The article by Anderson et al1 raises several concerns about study methodology and the appropriateness of their study conclusions. The study contains an acknowledged type II statistical error, ie, despite the sample size of 1070 patients, the study is too small to have statistical power. The ostensible statistical difference in a post hoc analysis of a subset of patients (eg, more "minor wound infections" in the ticarcillin plus clavulanic acid group) is therefore meaningless. Further, extrapolation of estimated costs, rather than measurement of actual resource consumption, led to the untenable conclusion that surgical prophylaxis with either ceftriaxone or cefotaxime is more cost-effective than prophylaxis with ticarcillin plus clavulanic acid.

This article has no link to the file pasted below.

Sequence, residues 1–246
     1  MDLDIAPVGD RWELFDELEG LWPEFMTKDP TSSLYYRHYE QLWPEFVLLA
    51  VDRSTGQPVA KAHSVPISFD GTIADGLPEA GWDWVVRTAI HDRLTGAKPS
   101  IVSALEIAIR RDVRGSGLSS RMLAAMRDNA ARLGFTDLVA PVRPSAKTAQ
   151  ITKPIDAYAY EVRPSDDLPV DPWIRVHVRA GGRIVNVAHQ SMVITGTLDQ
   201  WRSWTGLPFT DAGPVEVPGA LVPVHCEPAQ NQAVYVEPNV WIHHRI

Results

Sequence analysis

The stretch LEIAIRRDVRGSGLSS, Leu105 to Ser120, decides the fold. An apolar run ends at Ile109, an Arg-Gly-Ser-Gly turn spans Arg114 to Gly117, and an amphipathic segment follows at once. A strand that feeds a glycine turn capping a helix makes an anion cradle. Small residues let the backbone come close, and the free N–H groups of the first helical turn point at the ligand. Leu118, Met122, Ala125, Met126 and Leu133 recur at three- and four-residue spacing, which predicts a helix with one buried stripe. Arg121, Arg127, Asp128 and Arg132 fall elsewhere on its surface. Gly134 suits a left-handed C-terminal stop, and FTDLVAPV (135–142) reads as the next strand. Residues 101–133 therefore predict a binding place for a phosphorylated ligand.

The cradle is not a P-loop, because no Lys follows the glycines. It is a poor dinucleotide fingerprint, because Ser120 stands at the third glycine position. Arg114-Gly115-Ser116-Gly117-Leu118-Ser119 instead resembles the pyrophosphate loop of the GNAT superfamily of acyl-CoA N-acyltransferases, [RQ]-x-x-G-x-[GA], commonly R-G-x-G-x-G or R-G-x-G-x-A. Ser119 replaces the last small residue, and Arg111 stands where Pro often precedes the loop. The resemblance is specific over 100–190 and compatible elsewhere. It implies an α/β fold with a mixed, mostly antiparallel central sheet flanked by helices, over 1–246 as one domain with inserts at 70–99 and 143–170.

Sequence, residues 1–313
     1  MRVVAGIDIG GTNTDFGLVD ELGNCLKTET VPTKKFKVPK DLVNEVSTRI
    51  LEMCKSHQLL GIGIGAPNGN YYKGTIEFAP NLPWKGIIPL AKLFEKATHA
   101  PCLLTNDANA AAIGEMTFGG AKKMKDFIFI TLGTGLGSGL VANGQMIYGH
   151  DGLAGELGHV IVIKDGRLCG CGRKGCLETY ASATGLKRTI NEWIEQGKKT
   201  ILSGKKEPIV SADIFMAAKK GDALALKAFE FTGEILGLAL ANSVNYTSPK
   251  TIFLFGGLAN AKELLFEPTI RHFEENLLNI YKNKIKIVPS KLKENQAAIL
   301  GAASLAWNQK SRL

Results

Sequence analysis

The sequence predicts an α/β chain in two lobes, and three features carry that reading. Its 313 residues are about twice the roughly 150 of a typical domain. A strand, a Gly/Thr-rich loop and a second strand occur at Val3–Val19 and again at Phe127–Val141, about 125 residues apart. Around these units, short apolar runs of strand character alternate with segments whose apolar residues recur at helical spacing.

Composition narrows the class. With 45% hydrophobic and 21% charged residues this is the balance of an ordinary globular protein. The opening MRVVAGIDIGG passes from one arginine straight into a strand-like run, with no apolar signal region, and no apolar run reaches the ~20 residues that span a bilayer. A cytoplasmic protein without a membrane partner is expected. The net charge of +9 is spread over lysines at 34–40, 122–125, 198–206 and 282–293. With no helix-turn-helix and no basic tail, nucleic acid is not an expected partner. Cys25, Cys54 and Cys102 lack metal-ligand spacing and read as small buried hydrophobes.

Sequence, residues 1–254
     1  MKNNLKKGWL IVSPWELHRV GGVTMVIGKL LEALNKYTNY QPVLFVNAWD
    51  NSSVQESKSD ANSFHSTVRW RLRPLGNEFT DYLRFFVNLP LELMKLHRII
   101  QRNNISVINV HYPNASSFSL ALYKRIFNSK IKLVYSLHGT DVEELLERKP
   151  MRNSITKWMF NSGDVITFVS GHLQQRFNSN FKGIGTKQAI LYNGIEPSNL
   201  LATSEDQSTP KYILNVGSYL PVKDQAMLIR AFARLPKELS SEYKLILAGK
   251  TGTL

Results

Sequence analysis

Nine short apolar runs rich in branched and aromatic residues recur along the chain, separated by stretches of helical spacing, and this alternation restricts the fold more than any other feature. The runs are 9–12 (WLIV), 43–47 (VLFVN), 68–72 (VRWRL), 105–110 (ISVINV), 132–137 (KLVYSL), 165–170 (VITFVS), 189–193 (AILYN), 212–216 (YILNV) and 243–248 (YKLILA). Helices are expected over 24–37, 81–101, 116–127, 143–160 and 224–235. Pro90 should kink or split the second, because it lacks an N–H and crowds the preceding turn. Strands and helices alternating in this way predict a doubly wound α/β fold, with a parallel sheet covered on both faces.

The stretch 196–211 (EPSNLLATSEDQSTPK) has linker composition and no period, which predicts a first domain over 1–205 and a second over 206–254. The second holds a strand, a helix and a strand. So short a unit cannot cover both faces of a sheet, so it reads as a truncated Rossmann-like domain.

The definitions of "infectious morbidity" that were used are problematic in several respects. The definitions of "wound infection" omitted any consideration of the appearance of the wound. Nosocomial pneumonia is overdiagnosed by conventional sputum collection, and the criteria used actually